Cloud technology is at the heart of streamlining multi-channel retail as Neal’s Yard Remedies have experienced. Since implementing a Cloud EPoS system they have executed the hosted platform across their owned and around 20 franchise stores. Jason Cook, Head of IT at Neal’s Yard Remedies explains;
“It has helped us see what franchises are doing from a sales perspective, we are able to support them better and they are now able to take part in larger systems and solutions we have as a company”
7 ways cloud technology can benefit your franchise and concessions:
1. Single platform
Often franchises are run on smaller, individual systems that are not integrated with the main company information systems, creating a lack of flexibility and providing a barrier to the customers experience. Implementing a single Cloud platform can combat this fragmentation by streamlining the retail systems, integrating them across the whole business. Crucially this gives you visibility of sales without having to rely upon each individual shop providing the data.
2. Real-time stock control
Wouldnt it be great if you could remove inventory complications and warehousing issues that cause confusion and problems between your sales channels? Well there is a simpler way to automate your stock management system, with a Cloud retail system that gives you full, up to date visibility of your stock levels across all channels, whether online, mail order or in-store, including franchises and concessions.
Imagine having access to real time customisable reporting and supplier integration, along with maximum stock reduction and replenishment in your franchised stores. A strategic Cloud platform can give you this and more making sure you have products in the right location, ensuring you never miss out on a sale.
3. Unified gift card function
Imagine your customers frustration when they are told they can’t use a gift card in a franchised store. It’s not something retailers or customers want. Implementing a hosted retail solution allows you to unify your gift card function, gaining new customers and increasing footfall in-store and online . Approximately £5bn worth of gift cards are purchased in the UK each year and on average, shoppers spend 40% more than the value of the card on purchases – are you missing out?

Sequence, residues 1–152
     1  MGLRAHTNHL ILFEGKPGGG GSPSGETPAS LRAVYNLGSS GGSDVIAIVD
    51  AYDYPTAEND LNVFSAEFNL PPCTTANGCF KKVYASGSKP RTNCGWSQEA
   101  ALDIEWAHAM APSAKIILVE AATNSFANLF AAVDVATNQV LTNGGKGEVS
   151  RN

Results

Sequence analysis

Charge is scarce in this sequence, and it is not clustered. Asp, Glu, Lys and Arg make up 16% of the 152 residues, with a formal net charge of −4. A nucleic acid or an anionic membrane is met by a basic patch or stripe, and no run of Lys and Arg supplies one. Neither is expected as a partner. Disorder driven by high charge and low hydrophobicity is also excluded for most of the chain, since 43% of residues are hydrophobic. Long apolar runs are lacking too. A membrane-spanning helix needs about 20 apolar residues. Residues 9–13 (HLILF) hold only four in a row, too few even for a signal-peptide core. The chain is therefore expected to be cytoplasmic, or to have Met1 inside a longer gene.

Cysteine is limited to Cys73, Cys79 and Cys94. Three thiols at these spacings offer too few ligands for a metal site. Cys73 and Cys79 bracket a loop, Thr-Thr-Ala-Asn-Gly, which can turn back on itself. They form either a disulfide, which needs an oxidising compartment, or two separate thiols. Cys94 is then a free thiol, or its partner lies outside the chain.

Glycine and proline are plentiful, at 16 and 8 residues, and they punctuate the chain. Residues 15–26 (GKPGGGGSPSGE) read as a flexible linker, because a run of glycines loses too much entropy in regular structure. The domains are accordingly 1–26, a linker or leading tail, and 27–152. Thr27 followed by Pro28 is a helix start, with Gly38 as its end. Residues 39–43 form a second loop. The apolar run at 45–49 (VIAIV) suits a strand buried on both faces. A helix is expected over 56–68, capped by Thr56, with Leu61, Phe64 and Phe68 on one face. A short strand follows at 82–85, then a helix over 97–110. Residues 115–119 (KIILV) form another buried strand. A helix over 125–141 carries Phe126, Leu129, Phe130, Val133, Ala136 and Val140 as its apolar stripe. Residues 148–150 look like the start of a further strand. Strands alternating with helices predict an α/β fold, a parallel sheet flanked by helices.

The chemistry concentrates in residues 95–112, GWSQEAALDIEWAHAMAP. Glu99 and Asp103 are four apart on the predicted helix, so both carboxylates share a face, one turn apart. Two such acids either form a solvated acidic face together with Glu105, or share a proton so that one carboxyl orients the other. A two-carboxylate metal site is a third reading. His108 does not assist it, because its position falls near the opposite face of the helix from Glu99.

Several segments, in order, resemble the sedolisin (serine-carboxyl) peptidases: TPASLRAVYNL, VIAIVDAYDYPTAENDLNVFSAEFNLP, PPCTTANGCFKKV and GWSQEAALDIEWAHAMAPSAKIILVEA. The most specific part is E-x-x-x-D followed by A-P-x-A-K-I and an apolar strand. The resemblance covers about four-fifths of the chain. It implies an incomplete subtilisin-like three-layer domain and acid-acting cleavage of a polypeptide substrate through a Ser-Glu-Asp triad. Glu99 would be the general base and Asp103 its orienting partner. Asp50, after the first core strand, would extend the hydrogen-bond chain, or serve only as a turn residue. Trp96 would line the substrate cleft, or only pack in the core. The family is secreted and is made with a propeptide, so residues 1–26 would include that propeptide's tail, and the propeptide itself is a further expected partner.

4. Improved loyalty program
Remove shop by shop loyalty schemes that restrict customers to collecting points only in certain stores and form long term engaging relationships with your valued customers. It would be great if you could customise your loyalty schemes to suit you and your customers, whilst maximising spend and retention wouldn’t it? If your system can’t keep up with the demands of cross-channel loyalty then it’s time to rethink your retail platform to get the most out of your loyalty program.
5. Click and reserve/collect
Click and collect is now used by 72% of UK shoppers and is proving to be a major boost to multi-channel sales conversions, with this in mind it should be at the forefront of your delivery and collection strategy. Customers are expecting to be able to order a product online and collect from a store of their choice, not providing franchise stores with this option means you could be losing out on vital sales. Cloud based EPoS and retail management systems that streamline the click and collect/reserve function are leading the way in providing the customer with the convenience they desire from every retailer today.
6. Restrict sensitive information
Your current system houses data that you don’t really need or want your franchise stores to see, it could potentially be damaging if sensitive information was easily accessible. Restricting individual locations from carrying out certain tasks or having visibility of cost prices and margin on goods will avoid problems that may occur, creating harmony between your owned and franchised stores and concessions.
7. Greater customer experience
Perhaps the most important benefit to Cloud retail platform is creating a better more streamlined multi-channel customer experience. Customer demands are crucial to the drastic changes in the retail landscape, if your IT systems can’t keep up with these demands then it is time to re-consider what platform is best suited to help your franchises and concessions succeed.
Open your purse or wallet and chances are you’ve got more cards in there than a magician. Most of them loyalty cards for almost every high street retailer. From the old faithful Boots Advantage card, to the newer, My John Lewis card, and not forgetting the Nectar (keep saving points on so you can buy your Christmas shopping) card. The list is endless.